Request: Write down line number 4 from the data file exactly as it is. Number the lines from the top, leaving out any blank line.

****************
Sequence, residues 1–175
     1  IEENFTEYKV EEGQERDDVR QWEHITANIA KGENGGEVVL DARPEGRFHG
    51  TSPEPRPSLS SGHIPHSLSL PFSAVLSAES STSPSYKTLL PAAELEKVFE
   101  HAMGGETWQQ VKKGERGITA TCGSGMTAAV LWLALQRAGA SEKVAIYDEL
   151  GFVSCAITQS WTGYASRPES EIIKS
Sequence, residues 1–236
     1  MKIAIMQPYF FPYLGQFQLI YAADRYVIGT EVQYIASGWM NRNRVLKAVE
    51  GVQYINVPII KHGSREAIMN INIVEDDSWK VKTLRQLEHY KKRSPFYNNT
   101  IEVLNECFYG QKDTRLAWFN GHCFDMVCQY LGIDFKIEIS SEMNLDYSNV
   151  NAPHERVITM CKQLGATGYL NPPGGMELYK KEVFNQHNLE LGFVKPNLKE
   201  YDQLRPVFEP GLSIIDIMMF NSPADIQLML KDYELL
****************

   101  HAMGGETWQQ VKKGERGITA TCGSGMTAAV LWLALQRAGA SEKVAIYDEL